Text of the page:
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the Tennessee Walking Horse

A synopsis by Sis Osborne

   painting of black stallion. Tennessee Walking Horse Allan F-1.

Originally bred as a utility horse,
the Tennessee Walking Horse is presently best

suited for a recreational mount due to its smooth

easy ride and its gentle disposition.

Calm, docile temperament, combined with naturally

smooth and easy gaits insure the popularity of the

Tennessee Walking Horse as the world's greatest

show, trail and pleasure horse.

The Tennessee Walking Horse is a light horse breed
founded in middle Tennessee.

This breed is a melting pot much like Americans

it is a composition of the Standardbred, the Thoroughbred,

the Morgan, and the American Saddlebred stock.

weanling filly

The Tennessee Walking Horses generally range
from 14.3 to 17 hands ( a hand being 4 inches)

and weigh 900 to 1200 pounds.

The modern Tennessee Walking Horse possesses

a pretty head with small, well placed ears.

The horse has a long sloping shoulder, a long sloping hip,

a fairly short back and a short strong coupling.

The bottom line is longer than the top line, allowing a long stride.

walking horse colt

 

Color: Tennessee Walking Horses come in all colors and all patterns. The wide variety of range in color is sure to please everyone as there is no discrimination in color.
Black, bay, chestnut, palomino, buckskin roan and spotted patterns are apparent on the smooth riding Tennessee Walking Horse.

photo of weanling colt, Painted Encore, owned by Jus' Fine Key to the Ritz

Gaits: The Tennessee Walking Horse performs
the flat foot walk, running walk, and canter.

These three are the gaits for which

the Tennessee Walking Horse is famous,

with the running walk being an inherited

natural gait unique to this breed.

Many Tennessee Walking Horses are able to perform
the rack, stepping pace, fox-trot, single-foot and

other variations of the famous running walk,

while this is not desirable in the show ring the above

mentioned gaits are smooth easy trail riding gaits.

The flat foot walk is a brisk, long-reaching
walk that can cover from 4 to 8 miles an hour.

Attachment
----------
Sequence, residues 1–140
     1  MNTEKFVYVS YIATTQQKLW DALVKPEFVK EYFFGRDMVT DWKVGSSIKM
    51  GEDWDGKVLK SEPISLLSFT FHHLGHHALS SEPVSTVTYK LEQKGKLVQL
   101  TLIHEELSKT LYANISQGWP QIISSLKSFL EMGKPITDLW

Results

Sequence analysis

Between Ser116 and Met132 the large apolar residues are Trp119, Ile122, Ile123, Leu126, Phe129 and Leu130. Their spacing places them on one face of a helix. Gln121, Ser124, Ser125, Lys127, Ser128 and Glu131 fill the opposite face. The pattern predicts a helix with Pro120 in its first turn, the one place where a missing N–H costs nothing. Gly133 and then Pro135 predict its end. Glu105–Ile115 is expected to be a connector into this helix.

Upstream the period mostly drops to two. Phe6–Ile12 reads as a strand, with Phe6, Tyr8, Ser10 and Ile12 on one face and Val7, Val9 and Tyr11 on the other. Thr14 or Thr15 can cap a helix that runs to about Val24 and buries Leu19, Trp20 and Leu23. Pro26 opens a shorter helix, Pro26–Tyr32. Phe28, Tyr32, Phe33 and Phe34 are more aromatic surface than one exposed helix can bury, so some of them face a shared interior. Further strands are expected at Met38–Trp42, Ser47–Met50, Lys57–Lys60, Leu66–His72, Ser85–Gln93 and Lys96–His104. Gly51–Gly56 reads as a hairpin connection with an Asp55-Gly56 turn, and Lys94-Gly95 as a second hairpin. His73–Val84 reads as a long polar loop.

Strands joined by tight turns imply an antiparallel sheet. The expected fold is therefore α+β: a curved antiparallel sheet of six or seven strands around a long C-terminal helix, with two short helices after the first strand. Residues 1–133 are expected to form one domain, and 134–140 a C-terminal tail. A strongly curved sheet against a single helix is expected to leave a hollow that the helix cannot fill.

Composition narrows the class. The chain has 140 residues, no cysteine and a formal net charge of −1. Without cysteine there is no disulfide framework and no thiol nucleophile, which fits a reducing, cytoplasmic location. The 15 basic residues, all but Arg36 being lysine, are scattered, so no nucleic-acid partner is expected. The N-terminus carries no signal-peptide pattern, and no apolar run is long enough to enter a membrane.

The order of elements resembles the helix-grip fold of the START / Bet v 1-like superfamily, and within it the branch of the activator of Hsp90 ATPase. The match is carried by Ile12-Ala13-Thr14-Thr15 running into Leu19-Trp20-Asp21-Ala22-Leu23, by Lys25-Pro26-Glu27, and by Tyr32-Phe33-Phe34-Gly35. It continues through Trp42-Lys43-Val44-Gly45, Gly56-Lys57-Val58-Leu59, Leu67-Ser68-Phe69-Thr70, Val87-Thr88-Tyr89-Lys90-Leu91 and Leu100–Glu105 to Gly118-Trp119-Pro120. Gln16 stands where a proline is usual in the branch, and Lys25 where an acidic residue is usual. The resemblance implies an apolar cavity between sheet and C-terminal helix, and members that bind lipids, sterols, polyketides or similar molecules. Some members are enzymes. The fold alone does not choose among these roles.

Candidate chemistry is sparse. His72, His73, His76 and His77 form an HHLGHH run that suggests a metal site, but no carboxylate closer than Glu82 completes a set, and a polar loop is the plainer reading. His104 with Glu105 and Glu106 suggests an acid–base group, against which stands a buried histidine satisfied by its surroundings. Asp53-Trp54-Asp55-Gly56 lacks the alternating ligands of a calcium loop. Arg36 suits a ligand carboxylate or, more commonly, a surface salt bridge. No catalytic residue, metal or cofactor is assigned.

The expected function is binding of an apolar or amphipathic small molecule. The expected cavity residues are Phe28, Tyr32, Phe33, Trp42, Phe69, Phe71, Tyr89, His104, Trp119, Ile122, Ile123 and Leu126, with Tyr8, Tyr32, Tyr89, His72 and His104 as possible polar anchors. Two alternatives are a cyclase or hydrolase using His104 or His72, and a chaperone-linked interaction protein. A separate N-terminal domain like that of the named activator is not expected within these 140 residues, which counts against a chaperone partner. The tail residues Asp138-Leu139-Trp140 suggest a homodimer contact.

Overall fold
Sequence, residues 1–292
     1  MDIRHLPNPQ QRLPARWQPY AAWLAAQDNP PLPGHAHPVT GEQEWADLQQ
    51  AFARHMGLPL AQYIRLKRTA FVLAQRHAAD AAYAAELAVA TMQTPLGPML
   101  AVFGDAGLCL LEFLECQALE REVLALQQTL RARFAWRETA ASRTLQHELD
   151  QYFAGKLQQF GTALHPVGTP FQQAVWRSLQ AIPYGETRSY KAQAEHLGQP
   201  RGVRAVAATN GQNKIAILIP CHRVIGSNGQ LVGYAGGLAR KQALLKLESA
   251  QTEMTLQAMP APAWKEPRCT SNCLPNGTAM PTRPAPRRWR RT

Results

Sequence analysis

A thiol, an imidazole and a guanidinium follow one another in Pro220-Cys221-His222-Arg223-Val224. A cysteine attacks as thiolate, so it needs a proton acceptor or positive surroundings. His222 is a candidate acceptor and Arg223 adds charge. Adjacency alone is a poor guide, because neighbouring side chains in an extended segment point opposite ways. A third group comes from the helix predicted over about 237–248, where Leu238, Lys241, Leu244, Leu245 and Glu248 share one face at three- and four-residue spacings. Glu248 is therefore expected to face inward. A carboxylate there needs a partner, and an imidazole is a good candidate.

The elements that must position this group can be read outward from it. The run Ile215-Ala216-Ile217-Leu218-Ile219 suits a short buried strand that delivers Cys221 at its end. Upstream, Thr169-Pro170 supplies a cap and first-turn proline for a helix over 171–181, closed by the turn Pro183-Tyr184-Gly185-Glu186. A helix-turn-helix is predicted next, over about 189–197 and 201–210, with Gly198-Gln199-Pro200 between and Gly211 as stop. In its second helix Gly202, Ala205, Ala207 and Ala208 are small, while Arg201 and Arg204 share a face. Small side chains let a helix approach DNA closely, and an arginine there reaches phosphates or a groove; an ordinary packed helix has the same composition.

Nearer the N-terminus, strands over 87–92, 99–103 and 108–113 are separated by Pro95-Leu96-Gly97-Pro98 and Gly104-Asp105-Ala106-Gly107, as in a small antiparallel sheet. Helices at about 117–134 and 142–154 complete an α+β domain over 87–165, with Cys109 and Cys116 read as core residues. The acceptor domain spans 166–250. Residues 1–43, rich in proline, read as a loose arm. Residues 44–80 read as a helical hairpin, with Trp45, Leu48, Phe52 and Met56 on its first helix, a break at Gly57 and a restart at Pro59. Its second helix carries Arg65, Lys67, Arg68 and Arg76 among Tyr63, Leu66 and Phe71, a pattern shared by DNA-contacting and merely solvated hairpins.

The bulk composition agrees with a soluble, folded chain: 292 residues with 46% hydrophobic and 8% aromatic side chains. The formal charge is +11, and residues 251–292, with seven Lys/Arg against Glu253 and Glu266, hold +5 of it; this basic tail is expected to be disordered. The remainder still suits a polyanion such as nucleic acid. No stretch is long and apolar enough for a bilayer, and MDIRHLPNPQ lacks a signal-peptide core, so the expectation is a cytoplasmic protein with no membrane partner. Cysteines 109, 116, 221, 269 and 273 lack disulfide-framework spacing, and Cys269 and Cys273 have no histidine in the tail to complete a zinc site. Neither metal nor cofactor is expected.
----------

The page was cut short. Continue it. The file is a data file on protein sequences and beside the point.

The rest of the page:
This is a four cornered gait with each of the horse's feet

hitting the ground separately at regular intervals. The horse

will glide over the track left by the front foot with his hind foot

(right rear over right front, left rear over left front).

The action of the back foot slipping over the

front track is known as overstride.

photo of weanling colt at Jus' Fine

Overstride is unique to the walking horse breed.
The hock should show only forward motion,

with vertical hock action being highly undesirable.

A Tennessee Walking Horse will nod its head

in rhythm with the cadence of its feet.

This nodding head motion, with the overstride,

are two features that are unique to the Tennessee Walking Horse.

This unique head motion along with overstride

are two things the judge should take into consideration

when judging a Tennessee Walking Horse.

The running walk is the gait for
which the walking horse is most noted!

This extra-smooth gliding gait is basically the same

as the flat walk with a marked increase in speed.

This breed can travel 10 to 20 miles per hour at this gait.

As the speed is increased, the horse over-steps the front track

with the back foot by from 6 to 18 inches. The more "stride"

the horse has the better "walker" it is considered to be,

for this gives the rider a feeling that he or she were

gliding through the air as if propelled by some powerful

but smooth-running machine.

colt exhibiting overstride

Walking horses relax certain muscles while doing
the running-walk, some nod their heads in rhythmic timing,

swing their ears in perfect motion, and some even snap their teeth.

The running walk is a smooth, easy gait for both horse and rider.

The running walk is basically the same gait as the flat walk

with an increase in speed. There should be a noticeable

difference in the rate of speed between the flat walk

and the running walk, but a good running walk should

never allow proper form to be sacrificed for excessive speed.

A true Tennessee Walking Horse will continue to nod

while performing the running walk.

Judging should not be influenced by speed,

but rather by the true form exhibited.

The third gait is the canter, which is a collected gallop.
The canter is performed in much the same way

as other breeds, but the walking horse seems to

have a more relaxed way of performing this gait.

The canter is a forward movement performed

in a diagonal manner to the right or to the left.

On the right lead, the horse should

start the gait in this order: left hind, right hind

and left fore together-then right fore.

The order for the lead is: right hind, left hind

and right fore, then left fore.

walking horse canter - weanling style

When performed in a ring, the animal
should lead his canter with the fore leg

to the inside of the ring.

In the canter the horse gives one the abundance

of ease with lots of spring and rhythm,

with the proper rise and fall to afford

a thrill from sitting in the saddle. Thus the canter

lifts with the front end giving an easy rise and fall motion

that is likened to a rocking chair. This is often referred

to as the "rocking-chair-gait".

 
Feeding animal crackers to a black mare

© copyright 1996 Tennessee Walking Horse Breeders' and Exhibitors' Association

Presented by green Jus' Fine logo with red leaf with TWHBEA permission.

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